Every electronic tax document must consider the specifications described by “Electronic Tax Document Format”. This document is available on the Internal Revenue Service’s website and is regularly updated.

What electronic information is required in Chile?

Resolution 66 also contains technical instructions. These establish the details necessary for electronic tax documents that support foreign currency purchase and sale operations.

The resolution states the following must be included:

There are other requirements not listed above, so it’s important to check the guidelines.

This change allows the Internal Revenue Service to receive, validate, and process electronic tax documents. This ensures the operations are accurately reflected and prevents inconsistencies.

More on rights, commissions and other charges in Chile

In the case of commissions, the taxpayer must issue an invoice or electronic ticket containing all the information indicated by the Technical Annex.

If the document doesn’t include an affected item, consider the following:

An example is when there is no commission.

Likewise, when differences in collections and values are ​​subject to VAT, an electronic credit or debit note must be issued.

The following information must be recorded separately as well:

  1. The total value of the instruments traded
  2. Value of commissions and charges, if any
  3. Total to be paid in favour of the client or total to be paid in favour of the company

Need help for invoicing in Chile?

Are you in financial services or working at a bank with more questions about invoicing in Chile? Speak to our tax experts.

The General Tax Directorate of the Republic of Uruguay has published on its website the following technical documents for the electronic fiscal documents (CFE) in the production environment:

CFE: CFE v23.2 format

Daily report: CFE Report Format v13

Response Message: Response Message Format v15

Schema: XSDs_FE_V1.42.1

XSD_Formato_Envío de Información Proveedores de SW v1.5.

The Mexican Tax Administration (SAT) recently published some adjustments to the Error code matrix that is used for the CFDI 4.0. Precisions were made in some error codes and a new error code was added to clarify when the Foreign Trade complemento should not be included.

The internal revenue service of Ecuador has published on its website a new version of the guide for taxpayers on the request for authorization to issue electronic receipts. The guide establishes the requirements and instructions to access the issuance of electronic receipts in a test environment and later in a production environment, and details the options enabled by the internal revenue service for the issuance of electronic documents.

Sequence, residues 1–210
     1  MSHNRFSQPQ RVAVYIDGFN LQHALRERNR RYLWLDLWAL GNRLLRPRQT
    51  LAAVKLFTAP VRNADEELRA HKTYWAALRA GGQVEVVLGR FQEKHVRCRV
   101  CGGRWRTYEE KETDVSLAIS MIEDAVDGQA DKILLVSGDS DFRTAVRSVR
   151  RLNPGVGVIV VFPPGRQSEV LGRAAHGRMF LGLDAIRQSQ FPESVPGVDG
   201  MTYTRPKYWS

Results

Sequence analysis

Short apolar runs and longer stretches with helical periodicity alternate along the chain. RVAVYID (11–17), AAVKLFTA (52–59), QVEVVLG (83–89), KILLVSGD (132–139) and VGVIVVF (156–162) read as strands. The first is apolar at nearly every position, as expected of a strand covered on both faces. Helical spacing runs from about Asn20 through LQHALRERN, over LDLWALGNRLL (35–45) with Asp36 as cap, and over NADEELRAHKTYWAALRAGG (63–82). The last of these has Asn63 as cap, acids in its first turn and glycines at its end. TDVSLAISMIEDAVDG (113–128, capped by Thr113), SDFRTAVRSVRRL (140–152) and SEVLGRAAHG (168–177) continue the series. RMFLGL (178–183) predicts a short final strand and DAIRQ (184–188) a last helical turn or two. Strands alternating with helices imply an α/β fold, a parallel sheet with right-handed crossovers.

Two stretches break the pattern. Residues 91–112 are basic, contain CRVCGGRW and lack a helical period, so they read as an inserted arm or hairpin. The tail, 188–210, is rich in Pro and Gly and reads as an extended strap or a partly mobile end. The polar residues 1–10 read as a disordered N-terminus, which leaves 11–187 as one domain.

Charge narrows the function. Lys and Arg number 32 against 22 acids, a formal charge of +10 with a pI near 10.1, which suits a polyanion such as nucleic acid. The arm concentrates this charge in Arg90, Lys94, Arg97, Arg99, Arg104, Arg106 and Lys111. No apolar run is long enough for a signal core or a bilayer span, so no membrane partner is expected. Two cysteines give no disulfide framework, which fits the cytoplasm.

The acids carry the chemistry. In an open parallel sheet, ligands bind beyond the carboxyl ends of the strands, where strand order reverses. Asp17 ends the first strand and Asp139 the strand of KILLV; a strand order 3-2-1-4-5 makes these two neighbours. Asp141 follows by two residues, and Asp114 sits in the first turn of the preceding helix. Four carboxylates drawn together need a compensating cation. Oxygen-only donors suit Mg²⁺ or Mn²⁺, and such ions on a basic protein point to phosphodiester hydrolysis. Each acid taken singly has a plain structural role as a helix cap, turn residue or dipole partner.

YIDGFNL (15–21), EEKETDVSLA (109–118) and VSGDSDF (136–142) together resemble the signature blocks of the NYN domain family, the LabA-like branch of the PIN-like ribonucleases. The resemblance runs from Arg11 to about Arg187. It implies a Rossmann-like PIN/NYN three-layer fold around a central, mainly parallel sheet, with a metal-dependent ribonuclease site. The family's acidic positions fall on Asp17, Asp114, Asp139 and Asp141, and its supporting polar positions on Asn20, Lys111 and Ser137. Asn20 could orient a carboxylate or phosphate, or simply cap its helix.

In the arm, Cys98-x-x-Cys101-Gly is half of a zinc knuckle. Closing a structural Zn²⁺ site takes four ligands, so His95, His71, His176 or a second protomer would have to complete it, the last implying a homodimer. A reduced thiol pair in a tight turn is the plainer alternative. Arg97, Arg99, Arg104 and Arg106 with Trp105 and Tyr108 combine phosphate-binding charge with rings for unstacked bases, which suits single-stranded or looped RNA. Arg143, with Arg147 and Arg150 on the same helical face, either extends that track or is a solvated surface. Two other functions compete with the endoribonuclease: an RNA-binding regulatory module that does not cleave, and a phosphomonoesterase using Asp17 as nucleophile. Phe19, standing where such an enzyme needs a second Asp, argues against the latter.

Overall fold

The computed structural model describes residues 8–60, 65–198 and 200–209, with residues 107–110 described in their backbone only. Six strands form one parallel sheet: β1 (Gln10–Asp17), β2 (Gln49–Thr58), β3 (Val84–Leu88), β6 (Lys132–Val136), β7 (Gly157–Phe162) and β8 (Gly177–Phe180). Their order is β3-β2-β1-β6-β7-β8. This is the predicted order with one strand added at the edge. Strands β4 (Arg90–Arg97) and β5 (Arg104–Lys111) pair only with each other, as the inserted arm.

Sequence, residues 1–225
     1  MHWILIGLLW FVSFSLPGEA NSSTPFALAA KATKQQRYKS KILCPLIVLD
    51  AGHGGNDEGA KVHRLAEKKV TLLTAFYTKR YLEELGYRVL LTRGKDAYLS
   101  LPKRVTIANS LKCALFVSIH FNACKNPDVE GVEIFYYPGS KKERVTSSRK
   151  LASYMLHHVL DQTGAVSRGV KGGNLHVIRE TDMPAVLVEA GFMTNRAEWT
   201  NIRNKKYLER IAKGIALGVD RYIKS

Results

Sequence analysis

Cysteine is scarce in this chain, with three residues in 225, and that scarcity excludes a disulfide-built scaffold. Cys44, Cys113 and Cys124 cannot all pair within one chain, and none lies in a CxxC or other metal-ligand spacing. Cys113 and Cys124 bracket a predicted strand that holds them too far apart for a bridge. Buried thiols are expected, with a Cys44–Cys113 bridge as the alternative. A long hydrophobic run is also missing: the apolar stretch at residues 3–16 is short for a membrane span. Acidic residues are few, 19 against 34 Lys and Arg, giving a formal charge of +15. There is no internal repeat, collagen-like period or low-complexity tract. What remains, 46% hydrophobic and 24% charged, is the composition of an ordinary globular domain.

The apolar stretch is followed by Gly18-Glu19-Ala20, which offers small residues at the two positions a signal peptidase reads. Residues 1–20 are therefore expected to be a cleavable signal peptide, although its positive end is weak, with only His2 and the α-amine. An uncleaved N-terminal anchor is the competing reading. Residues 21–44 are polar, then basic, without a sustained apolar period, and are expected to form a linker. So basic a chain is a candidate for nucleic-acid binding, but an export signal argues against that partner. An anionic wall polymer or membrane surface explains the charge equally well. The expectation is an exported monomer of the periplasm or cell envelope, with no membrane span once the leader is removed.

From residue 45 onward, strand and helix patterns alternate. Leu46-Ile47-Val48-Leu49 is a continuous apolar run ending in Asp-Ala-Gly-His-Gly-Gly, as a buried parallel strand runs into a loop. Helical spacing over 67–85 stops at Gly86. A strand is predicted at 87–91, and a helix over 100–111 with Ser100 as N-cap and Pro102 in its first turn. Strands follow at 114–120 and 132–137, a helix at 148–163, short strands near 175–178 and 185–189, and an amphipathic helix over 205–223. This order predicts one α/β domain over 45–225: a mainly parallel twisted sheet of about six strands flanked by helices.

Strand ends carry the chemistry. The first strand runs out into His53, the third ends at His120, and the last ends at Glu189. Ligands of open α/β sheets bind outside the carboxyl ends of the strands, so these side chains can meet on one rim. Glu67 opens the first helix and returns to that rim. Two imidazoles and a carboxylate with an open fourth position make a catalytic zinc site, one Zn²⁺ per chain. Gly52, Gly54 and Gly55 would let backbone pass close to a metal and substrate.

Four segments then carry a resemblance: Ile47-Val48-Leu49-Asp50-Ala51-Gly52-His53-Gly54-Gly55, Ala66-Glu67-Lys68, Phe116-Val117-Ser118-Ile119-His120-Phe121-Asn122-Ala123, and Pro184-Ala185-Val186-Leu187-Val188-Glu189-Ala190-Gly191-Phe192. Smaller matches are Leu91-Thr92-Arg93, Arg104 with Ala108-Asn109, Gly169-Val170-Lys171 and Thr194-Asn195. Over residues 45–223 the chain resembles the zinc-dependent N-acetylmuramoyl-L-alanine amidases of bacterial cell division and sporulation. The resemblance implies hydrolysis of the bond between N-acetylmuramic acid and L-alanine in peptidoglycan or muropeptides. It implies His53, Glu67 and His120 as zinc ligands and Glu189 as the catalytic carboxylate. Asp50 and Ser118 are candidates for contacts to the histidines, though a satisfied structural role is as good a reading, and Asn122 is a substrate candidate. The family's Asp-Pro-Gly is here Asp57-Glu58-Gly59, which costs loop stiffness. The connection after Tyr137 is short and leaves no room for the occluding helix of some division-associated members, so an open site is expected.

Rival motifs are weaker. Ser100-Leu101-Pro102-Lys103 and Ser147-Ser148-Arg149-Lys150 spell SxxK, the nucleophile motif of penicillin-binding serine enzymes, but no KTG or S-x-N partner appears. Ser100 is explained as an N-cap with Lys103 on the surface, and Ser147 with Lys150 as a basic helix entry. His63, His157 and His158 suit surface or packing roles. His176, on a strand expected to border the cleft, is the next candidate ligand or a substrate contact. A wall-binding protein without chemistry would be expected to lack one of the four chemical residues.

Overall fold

The guide is available here.

The SAT published the second anticipated version of the ninth resolution of modifications to the miscellaneous tax resolution for 2022 and its annexes 1 and 1-A. Among its modifications, the fifth transitory article establishes that those who make payments for the concepts referred to in Title IV, Chapter I of the income tax law and who are obliged to issue CFDI for them, they may choose to issue them until March 31, 2023, in version 3.3 with a payroll supplement (Complemento de nómina) in version 1.2.

A recent preliminary ruling request to the European Court of Justice, Case C-664/21, NEC PLUS ULTRA COSMETICS, has re-emphasised the importance of collecting documentation when carrying out a zero-rated supply in the EU. The 2017 NEC PLUS ULTRA COSMETICS case involved a company established in Switzerland selling cosmetics products under the Ex Works clause from their warehouse in Slovenia to business customers established in Romania and Croatia. Ex Works (EXW) is an Incoterms rule, a set of definitions outlining the responsibilities of buyers and sellers in international transactions. With Ex Works the transport obligations, costs and risks are the buyer’s responsibility.

The tax administration of the Republic of Slovenia inspected NEC PLUS ULTRA COSMETICS and requested evidence and supporting documentation relating to these supplies to verify that goods had been transported to another EU Member State.

NEC PLUS ULTRA COSMETICS provided copies of the invoices and of the ‘Convention relative au contrat de transport international de marchansises par route’ (CMR) consignment notes. The company failed to provide the evidence requested by tax officers to prove the right to tax exempt the supplies to their customers (delivery notes and other documents mentioned in the CMRs).

The company clarified that the reason for the late submission was that the Hamburg office responsible for supplies to Croatia ceased its activities in August 2018, making it more difficult to find the documents asked for by the tax officers.

Consequently, the Slovenian tax authorities provided the company with an additional VAT assessment notice and ordered it to pay the relevant amount.

What documents do you need to keep for supplies carried out after 2020?

In the implementation of the Quick Fix related to the proof of transport in 2020, the European Commission has clarified that where the supplier arranges transportation of the goods, it must be in possession of either: